Wednesday, 16 October 2013


 Dr. Kenneth David Kaunda – Zambia`s First Republican President and the National`s Political Father 

The Zambia National Environment is a symbol of how narrow economic growth interests impose more costs than benefits on both people and ecosystems whose destructive history is today’s instructive scientific lesson. This has proved to be, so far, an unbeatable challenge to control it by any means of either manual, mechanical, chemical or biological methods.

Country Men and Women, Zambia is among the richest countries in Africa in terms of Natural Resources: land, water, agriculture, minerals, tourist sites and peace. Zambia has experienced Peace for the last 49 years of Independence with 73 tribes living together without ethnic conflict. We are the envy of our neighbours. Zambia is such a rich country, but with some of the poorest people in the world.

I write as a concerned youth to try and understand what really motivated the First president and Father of the Nation Dr. Kenneth Kaunda a Freedom fighter and symbol of hope for the poor to endorse a project that have NOT been approved by either the community and the Zambia Environmental Management Agency (ZEMA). ZEMA is a Professional Institution that is mandated and entrusted by the Zambian Government to ensure the protection of our environment and our people. And having studied some information from ActionAid, EITA, Musele Community Task Force, Benchmarks Foundation, Centre for Environment Justice, Civil Societies in Zambia and Stakeholders meeting that have been going on in Solwezi, it is clear to those who care for the Environment and driven by morality and Justice that FQM/KLM have violated the Protection Order by carrying out projects at that site. It is very evident that FQM/KML project is a very big threat to the people’s land rights and security of tenure that will not only affect the Musele Community but the entire country as evident in other mining towns. Also the proposed land for the project, amounts to social and economic sabotage of both the present and the future generations of NOT only Musele Community but the entire Country.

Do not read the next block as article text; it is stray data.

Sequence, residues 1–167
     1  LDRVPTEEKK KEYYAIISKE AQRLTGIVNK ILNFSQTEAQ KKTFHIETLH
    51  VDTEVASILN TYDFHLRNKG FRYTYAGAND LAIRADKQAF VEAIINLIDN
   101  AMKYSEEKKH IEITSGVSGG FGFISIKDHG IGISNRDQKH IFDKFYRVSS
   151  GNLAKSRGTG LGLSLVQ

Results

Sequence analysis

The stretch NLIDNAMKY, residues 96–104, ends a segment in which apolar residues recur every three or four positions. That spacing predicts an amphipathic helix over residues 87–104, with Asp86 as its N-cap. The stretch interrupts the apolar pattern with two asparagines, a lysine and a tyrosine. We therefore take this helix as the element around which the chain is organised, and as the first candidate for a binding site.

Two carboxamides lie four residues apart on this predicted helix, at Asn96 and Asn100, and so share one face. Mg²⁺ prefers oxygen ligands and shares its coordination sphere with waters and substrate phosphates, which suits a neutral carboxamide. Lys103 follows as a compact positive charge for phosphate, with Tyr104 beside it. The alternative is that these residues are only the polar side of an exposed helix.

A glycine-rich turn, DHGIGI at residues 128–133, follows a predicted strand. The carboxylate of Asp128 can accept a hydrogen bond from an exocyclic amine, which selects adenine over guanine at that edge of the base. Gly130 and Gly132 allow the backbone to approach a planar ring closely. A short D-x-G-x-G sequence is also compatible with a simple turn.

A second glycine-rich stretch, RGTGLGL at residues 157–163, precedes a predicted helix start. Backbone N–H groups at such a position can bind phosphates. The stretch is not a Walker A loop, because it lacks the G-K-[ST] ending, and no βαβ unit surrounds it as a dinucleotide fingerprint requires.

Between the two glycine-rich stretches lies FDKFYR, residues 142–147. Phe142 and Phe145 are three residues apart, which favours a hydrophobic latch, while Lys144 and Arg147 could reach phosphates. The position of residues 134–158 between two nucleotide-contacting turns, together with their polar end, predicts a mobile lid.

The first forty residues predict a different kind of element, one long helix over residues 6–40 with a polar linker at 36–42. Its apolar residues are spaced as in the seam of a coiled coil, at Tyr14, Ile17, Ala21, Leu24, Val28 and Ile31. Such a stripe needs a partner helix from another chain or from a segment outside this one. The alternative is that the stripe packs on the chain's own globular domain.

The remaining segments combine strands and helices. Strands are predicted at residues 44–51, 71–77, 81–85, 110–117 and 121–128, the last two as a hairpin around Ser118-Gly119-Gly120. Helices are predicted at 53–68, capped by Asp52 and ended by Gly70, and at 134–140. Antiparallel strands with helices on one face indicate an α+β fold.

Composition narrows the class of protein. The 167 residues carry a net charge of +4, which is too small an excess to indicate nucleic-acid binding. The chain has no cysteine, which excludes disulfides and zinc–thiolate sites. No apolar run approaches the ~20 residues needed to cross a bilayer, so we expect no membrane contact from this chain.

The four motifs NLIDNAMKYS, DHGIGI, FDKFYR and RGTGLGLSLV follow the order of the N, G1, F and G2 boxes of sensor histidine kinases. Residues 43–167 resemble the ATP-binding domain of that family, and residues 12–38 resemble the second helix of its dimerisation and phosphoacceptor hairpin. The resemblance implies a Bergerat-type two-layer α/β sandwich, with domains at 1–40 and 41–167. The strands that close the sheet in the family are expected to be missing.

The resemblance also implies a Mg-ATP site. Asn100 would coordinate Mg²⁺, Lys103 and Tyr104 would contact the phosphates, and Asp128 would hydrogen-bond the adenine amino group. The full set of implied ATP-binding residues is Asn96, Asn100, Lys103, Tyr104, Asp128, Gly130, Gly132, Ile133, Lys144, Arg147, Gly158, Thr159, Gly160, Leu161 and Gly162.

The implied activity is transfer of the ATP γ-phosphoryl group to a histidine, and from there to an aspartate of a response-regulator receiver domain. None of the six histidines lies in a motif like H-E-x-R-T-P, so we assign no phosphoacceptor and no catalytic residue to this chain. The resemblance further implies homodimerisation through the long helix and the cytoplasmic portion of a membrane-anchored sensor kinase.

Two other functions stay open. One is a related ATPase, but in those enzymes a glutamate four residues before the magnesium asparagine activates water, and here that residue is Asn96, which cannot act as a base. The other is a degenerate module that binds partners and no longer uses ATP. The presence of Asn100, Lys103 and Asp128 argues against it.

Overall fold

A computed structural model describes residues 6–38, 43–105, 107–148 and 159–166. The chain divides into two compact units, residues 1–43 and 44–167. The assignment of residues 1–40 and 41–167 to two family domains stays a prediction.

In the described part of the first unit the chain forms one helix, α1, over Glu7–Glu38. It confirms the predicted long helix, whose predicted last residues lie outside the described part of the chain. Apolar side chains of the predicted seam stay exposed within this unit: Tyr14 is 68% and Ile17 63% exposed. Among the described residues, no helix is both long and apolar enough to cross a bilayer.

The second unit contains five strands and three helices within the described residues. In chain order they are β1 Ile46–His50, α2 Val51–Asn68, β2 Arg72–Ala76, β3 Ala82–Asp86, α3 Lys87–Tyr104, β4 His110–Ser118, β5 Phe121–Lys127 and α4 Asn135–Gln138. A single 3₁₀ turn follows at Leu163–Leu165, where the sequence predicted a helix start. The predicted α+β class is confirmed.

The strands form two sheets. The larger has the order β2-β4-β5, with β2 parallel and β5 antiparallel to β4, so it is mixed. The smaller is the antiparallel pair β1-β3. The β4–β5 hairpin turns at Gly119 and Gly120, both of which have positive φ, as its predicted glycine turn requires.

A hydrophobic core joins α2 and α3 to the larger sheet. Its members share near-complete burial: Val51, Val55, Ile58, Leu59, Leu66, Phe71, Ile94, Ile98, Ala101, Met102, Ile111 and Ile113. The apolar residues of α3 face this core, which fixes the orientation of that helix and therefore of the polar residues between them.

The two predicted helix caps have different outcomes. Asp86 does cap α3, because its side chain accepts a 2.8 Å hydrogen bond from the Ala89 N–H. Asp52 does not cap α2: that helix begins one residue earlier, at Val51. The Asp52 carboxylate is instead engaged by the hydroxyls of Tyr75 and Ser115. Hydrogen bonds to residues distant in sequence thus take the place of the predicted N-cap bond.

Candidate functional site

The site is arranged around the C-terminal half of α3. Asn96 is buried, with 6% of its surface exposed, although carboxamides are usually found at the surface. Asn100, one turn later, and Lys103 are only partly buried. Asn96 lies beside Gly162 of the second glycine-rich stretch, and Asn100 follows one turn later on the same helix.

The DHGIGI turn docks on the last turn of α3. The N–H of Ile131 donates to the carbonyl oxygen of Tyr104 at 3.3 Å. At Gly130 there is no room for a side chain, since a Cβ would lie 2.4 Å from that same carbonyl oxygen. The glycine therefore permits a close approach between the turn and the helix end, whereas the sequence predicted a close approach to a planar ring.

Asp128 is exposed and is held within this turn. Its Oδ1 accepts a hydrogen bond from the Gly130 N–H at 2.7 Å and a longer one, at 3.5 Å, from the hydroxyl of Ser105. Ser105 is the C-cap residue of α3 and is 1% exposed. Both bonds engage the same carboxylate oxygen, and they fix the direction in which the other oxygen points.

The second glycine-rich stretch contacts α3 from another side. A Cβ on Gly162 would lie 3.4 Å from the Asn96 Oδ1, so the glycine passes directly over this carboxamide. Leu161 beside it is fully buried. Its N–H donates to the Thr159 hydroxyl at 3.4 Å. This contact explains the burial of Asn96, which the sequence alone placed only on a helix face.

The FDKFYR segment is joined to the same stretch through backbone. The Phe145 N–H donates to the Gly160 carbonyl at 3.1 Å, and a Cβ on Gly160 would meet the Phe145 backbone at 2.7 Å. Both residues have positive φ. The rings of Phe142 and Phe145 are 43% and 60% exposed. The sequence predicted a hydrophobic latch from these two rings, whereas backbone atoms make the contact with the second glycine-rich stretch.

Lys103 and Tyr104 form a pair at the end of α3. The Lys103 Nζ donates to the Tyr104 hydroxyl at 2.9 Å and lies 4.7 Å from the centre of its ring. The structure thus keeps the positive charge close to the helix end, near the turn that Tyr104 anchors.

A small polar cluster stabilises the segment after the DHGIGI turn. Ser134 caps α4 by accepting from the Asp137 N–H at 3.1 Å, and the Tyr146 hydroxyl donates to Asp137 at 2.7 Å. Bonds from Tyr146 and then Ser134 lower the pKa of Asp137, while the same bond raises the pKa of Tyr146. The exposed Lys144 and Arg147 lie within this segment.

In May, 2013, Zambia Environmental Management Agency (ZEMA) issued and Environmental Protection Order pursuant to Section 104 of the Environmental Management Act (EMA) No. 12 of 2011 to First Quantum Minerals (FQM) who are the proponents of Kalumbila Minerals Limited in order to stop the illegal action by Kalumbila to construct the Chisola Dam. Kalumbila Minerals Limited had commenced construction of the Chisola dam without the necessary approvals from the Zambia Environmental Management Agency (ZEMA).